After so many years of living abroad, I’ve met lots of Spain newbies, who always remind me of me, my first year here. They say experience is the best teacher, and I’d say that’s about right, especially when it comes to living abroad. Some things you just learn after being here, experiencing it first-hand, and ironing out the wrinkles. However, if I could travel back in time to pre-Spain, I would tell myself a few things. Here’s what I wish I’d known before I moved abroad: [Read more…]
Last month, my 5-year ‘Spainaversary‘ went by, almost without me noticing. Thankfully I have a little holiday by the name of Columbus Day to remind me. However, instead of Spain invading the Americas, this American invaded Spain. 5 years already. ¡Cómo pasa el tiempo!
I thought it’d be fun to take a walk down memory-lane, and compare that bumbling, awkward and challenging first year to now.
I’ve been living in Basque Country for awhile now, and I am so happy I’m here! While there are definitely some things I miss about Andalucía, I have felt more at home in Euskadi in a few months then I ever did in the 3 years I spent in Spain’s south. I think every expat has their region in Spain, the place that claimed their heart and is like a second home, and mine is definitely Basque Country. My years in Andalucía were a huge learning experience for me, full of lots of ups and downs, and moving was just what I needed to reignite my love for Spain all over again. From the people, to the natural beauty, to the Basque culture, here’s why I’m absolutely, positively enamored with Euskadi:
Rolling green hills, miles and miles of pristine coastline, snow-capped mountains, lush valleys, lakes, rivers, forests…do you realize how stunning this region is? Of course, beauty is in the eye of the beholder, but nobody would dare call Basque Country ugly.
The Lifestyle: El Txikiteo
I’ve already written about El Txikiteo, the Basque tradition of bar-hopping for pintxos and small sips of wine and beer. I love this about the lifestyle here, and that people of legal drinking age to retirement take part. It’s such a defining part of Basque culture, where the cuadrilla (group of friends) gets together, rain or shine, to enjoy each other’s company over fast-paced consumption of food and drink.
The People Walk with a Purpose
Andalucía, I love you, but (the vast majority) of your people walk painfully slow. I don’t expect speed-walkers, but I was constantly stuck behind someone going at a turtle’s pace; conveniently when I had somewhere to be. Blame it on the heat, blame it on the “mañana” attitude, but if you’re in a rush, prepare to be dodging lots of slow-pokes on the street. Meanwhile, here in Basque Country, while you’ll still get the ancianos teetering along the sidewalks, most people walk with a purpose. My kind of people!
The Cheap Public Transportation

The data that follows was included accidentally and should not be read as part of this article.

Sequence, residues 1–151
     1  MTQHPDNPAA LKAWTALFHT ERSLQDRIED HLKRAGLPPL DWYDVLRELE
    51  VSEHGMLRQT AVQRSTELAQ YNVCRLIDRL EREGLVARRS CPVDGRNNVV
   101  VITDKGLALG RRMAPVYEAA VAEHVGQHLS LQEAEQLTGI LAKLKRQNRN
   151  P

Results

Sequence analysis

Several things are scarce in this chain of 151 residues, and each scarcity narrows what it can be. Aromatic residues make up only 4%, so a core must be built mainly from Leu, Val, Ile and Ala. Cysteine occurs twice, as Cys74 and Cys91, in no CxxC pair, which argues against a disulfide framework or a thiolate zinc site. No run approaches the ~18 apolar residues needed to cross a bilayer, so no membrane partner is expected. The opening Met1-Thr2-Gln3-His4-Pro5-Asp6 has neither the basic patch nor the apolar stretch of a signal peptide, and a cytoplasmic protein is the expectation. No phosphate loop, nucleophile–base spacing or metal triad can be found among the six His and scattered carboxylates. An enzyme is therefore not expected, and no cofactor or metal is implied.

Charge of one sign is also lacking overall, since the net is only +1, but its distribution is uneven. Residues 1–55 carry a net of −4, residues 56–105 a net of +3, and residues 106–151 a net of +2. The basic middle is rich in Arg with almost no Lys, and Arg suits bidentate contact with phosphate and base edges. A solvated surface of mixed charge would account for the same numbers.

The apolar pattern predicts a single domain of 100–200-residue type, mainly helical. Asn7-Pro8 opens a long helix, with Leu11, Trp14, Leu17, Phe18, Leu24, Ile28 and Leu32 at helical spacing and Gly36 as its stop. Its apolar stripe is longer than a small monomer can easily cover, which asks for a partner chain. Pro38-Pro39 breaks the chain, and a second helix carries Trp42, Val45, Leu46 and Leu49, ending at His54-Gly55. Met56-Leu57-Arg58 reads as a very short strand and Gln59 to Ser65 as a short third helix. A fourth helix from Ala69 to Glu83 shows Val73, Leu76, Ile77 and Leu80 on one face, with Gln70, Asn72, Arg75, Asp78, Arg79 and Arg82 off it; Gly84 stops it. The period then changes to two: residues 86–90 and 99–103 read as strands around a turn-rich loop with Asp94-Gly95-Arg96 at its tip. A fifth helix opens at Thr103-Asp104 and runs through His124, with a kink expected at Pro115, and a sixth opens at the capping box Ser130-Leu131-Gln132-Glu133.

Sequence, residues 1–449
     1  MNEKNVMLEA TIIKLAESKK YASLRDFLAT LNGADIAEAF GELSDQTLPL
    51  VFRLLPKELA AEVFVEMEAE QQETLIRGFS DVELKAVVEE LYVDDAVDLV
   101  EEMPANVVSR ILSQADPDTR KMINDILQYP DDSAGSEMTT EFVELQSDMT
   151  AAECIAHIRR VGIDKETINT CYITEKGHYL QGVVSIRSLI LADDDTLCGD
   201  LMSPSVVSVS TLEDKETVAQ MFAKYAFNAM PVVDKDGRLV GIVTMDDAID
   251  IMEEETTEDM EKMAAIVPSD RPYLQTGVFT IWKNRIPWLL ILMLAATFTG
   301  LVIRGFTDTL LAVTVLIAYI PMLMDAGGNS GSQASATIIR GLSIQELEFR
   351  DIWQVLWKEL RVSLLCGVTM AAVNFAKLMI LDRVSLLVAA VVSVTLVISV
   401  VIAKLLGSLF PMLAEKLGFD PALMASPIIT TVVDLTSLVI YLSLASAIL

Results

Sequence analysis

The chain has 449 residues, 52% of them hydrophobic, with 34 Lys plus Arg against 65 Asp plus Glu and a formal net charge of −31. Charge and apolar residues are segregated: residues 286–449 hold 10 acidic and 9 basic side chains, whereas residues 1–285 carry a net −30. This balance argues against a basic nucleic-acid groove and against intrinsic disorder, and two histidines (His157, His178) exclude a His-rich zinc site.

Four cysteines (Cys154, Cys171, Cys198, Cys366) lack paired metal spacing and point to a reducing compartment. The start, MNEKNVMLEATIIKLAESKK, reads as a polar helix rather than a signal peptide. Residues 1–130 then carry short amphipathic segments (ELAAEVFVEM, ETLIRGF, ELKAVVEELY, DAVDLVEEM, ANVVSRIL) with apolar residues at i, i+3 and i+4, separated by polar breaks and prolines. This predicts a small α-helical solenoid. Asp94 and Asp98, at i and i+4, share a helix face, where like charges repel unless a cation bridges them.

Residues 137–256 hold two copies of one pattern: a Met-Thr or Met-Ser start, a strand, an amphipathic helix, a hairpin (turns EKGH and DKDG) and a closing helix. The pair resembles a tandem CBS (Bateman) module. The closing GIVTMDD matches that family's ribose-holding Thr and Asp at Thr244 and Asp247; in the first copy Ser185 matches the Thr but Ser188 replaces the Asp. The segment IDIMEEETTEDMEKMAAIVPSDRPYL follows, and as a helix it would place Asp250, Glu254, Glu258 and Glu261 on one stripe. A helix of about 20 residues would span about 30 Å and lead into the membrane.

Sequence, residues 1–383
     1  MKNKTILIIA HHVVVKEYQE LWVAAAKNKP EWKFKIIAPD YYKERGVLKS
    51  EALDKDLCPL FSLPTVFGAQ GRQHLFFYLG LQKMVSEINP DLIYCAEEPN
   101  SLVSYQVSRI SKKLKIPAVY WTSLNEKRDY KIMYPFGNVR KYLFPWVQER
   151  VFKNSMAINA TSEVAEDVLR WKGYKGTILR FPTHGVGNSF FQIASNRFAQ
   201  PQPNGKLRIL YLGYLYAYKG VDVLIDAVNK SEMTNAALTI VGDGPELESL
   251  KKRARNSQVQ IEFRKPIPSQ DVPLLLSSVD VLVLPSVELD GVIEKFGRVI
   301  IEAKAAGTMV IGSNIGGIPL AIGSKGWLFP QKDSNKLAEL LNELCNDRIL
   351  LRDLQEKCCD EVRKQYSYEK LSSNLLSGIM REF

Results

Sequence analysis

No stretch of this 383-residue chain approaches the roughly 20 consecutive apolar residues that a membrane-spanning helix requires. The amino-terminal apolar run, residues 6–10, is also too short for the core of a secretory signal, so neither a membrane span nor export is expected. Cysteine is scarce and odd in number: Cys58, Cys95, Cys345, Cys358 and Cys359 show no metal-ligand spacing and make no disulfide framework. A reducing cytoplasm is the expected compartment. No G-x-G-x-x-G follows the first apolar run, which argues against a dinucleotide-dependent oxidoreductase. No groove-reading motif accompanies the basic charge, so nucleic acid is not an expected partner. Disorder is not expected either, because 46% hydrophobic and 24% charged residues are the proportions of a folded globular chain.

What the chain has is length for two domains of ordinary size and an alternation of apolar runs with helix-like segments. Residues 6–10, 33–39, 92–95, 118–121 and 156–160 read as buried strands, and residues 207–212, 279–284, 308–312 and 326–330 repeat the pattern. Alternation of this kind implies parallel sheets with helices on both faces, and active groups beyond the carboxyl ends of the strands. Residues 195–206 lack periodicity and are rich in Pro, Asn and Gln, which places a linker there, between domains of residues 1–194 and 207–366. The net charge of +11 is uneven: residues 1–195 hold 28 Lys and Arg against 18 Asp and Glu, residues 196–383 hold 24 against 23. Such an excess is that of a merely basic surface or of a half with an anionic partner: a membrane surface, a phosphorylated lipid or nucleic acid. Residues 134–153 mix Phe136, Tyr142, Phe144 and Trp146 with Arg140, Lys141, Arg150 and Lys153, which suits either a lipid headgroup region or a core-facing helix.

Bilbao easily has the best Metro I’ve ever seen; it’s clean, there are minimal weirdos hanging around, and it’s fast and efficient. Basque Country is also really well-connected by buses and trains, and the best part is that it’s cheap–especially if you’re staying within the same province. To cross Bizkaia on Bizkaibus will set you back about 3€.
The Basque Cider House (Sagardotegia)
I am thrilled to be living in a region that celebrates the Basque cider season by cramming lots of hungry people in a cider house, plopping juicy steaks in front of them, and allowing them to fill their glass with cold cider as they please. I went to my first Sagardotegia earlier this year, and can’t wait to repeat this annually.
The Grandpas in Hats
Studies show that there is no higher concentration of grandpas in berets (known here as txapelas) than in Basque Country. 😉 I think the abuelitos are just darling in their hats, wouldn’t you agree? My blogging amiga Kaley does!
The Food & Wine
This doesn’t require much explanation: I’m living in what’s arguably the nucleus of haute cuisine. And even if it’s not accompanied by a Michelin star, Basque food and wine is damn good, whether it’s traditional or contemporary. No complaints here!
The Basque Language & Culture
I LOVE that I’m living in a region with such a rich history and culture. It sometimes feels like I’ve moved to a different country rather than just a different part of the same country. I’m discovering new things daily, from local fiestas to Basque folk dancing!
There are so many excellent hikes throughout Basque Country and I’m happily exploring the trails one by one. You can take the girl out of the Pacific Northwest, but you can’t take the Pacific NW out of the girl!
…and What I Hate About Living in Basque Country
I’m going to be honest here. There is really, truly nothing I hate about living in Basque Country. Really! There are a few things I would change if I could, but we can’t have everything, can we? Without further ado:
I knew what I was getting into by moving here, but the incessant rain is slowly getting to me. We’re in mid-June and it’s still raining over here! Even my hometown of Seattle tends to get its act together by this time of the year.
Not Knowing Euskara
Just when I felt like I was getting somewhere with my Spanish, I moved to a place where I’m enveloped in Euskara! While in the big cities, there’s much more Spanish spoken than Basque, where I live, it’s definitely more Basque than Spanish. I’m tempted to start learning the language (I know a whopping 15 words/phrases or so) but they say learning Basque is like learning Japanese…that’s not intimidating at all! Anyway, this is by no means anyone else’s fault but mine.
The People Who Smoke in Bars
Ok, ok, you got me. This one I HATE. I’m really sensitive to cigarette smoke (makes me nauseous and bitchy) and every time I go out, there’s some jerk lighting up inside the bar, like he’s above the law or something. This drives me crazy! I would change this in a heartbeat.
Photo of Cider House via Johnny Hunter and photo of Basque grandpa by a friend.